I was wondering if i could have one outlet control all counter outlets? I need to replace some and trying to do this cheaper.

I'm buying a property and trying to get it up to code.

  • Have you mapped out the breaker panel as to which outlets are on which circuits yet? – ThreePhaseEel Aug 22 '19 at 23:33

It depends on how your kitchen is wired. If one breaker controls all your kitchen counter outlets, you can replace the "first" outlet with a GFCI and protect the rest of them from it. If you have two or more breakers for the kitchen counter outlets then the "first" outlet on each circuit needs to be a GFIC. you could also change the breakers for your kitchen outlets to GFCI breakers.


Yes, any GFCI device can protect down line loads.

GFCI receptacles are no exception.

This requires attaching the downline hot and neutral to the LOAD terminals. This is the ONLY reason to use these terminals. Don't use them for anything else.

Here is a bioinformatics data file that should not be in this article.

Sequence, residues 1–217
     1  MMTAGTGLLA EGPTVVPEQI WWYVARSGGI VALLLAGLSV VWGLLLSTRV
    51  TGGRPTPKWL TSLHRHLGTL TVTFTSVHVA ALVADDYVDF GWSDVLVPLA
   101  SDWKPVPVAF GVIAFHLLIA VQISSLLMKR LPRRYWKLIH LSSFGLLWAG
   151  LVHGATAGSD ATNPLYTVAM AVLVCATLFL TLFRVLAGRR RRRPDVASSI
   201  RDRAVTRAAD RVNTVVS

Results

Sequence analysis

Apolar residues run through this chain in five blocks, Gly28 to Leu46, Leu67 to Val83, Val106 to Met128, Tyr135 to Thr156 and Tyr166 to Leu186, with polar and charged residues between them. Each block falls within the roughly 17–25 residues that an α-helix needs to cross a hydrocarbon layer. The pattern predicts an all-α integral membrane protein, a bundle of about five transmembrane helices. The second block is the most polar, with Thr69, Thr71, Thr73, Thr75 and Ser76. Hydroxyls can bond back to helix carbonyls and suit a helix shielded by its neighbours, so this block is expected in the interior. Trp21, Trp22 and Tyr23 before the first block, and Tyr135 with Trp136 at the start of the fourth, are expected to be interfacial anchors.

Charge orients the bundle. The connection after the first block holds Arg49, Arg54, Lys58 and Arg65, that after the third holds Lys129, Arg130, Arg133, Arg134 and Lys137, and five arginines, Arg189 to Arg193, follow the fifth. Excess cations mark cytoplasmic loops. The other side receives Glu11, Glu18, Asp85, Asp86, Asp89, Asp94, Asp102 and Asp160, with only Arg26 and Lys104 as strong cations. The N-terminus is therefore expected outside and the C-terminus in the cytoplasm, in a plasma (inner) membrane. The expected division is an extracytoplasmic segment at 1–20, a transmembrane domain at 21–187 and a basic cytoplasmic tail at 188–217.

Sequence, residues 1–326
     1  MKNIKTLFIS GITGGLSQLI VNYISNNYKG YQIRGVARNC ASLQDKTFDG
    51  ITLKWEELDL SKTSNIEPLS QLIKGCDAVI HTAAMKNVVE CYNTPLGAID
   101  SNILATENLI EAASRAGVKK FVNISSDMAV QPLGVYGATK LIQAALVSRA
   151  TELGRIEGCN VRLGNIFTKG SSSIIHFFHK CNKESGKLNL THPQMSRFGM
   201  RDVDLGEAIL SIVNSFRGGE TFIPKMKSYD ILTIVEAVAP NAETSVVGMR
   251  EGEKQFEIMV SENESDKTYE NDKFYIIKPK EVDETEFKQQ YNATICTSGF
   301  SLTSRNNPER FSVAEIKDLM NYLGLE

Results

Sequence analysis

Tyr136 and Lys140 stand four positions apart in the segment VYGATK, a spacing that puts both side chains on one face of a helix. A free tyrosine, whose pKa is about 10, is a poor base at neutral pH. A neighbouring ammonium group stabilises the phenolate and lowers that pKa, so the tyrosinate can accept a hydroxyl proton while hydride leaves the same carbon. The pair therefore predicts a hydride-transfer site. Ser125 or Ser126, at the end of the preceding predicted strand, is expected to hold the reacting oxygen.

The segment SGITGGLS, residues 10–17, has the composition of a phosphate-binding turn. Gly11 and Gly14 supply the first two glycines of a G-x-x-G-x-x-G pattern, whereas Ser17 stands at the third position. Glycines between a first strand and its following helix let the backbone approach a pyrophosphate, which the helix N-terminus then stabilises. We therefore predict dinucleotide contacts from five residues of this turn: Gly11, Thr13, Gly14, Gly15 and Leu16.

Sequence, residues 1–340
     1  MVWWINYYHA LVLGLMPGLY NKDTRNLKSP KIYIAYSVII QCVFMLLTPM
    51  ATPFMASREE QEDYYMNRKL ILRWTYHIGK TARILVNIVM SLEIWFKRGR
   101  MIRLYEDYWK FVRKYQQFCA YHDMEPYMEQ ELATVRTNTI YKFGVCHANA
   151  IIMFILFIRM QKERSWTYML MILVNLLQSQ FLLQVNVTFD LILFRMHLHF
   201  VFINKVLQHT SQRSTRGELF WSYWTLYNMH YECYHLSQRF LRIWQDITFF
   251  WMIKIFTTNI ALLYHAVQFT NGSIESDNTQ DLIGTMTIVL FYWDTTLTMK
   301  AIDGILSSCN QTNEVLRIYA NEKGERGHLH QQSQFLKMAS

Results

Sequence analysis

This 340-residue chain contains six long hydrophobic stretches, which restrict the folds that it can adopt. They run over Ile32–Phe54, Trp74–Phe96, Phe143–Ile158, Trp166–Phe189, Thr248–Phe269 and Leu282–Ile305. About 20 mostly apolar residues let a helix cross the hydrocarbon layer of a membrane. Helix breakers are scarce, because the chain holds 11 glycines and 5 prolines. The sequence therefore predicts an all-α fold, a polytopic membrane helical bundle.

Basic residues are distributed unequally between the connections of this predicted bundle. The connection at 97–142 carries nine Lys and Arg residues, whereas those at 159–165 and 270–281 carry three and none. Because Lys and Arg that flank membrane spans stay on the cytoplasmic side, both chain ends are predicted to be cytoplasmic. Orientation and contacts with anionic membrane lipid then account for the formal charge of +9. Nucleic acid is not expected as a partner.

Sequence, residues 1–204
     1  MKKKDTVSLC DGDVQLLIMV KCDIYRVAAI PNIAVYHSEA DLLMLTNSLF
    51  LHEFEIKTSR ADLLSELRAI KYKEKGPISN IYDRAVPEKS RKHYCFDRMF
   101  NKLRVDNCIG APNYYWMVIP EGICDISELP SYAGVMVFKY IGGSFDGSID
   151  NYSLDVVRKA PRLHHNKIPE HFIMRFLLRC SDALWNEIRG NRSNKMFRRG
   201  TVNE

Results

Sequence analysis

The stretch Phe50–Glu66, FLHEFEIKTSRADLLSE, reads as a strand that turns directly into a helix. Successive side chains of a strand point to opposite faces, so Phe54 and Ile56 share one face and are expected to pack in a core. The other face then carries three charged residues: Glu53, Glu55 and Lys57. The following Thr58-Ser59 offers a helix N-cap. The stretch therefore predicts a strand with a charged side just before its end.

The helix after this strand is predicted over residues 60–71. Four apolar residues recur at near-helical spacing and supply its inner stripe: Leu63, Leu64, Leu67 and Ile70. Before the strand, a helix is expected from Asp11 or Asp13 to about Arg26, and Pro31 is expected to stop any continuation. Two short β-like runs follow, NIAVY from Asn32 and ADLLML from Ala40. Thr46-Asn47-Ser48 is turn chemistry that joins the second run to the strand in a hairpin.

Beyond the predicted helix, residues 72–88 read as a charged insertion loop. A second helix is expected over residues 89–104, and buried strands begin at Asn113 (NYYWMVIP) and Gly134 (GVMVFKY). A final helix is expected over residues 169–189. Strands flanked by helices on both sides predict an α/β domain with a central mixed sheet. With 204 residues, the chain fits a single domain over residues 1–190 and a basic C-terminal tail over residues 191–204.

Outlets thus protected must get a sticker"GFCI Protected" or they will fail inspection.

Remember not to put the fridge on GFCI if you can avoid it!

  • There is no code exception to not putting the fridge on a GFCI, at least in the current cycle. In fact everything in the kitchen regardless if it is on the counter or not is supposed to be DFCI protected, not only GFCI – Kris Aug 23 '19 at 0:18
  • @kris I have not heard of AHJs requiring full boat retrofit to NEC'17 for a flip. They require kitchen GFCI because it's easy and has a lot of bang for the buck. – Harper - Reinstate Monica Aug 23 '19 at 0:25
  • @Kris -- as of 2017, for resi kitchens, it's still only the countertop receptacles that require GFCI protection. – ThreePhaseEel Aug 23 '19 at 2:31
  • Kitchen outlets ( including wall and counter top outlets ) have to be on Arc Fault protection too -210.12(A). So, with that in mind, if you want to just put the counter top outlets on a Dual function Device "DFCI outlet/breaker", and the rest on a AFCI outlet/breaker go for it. – Kris Aug 23 '19 at 19:08

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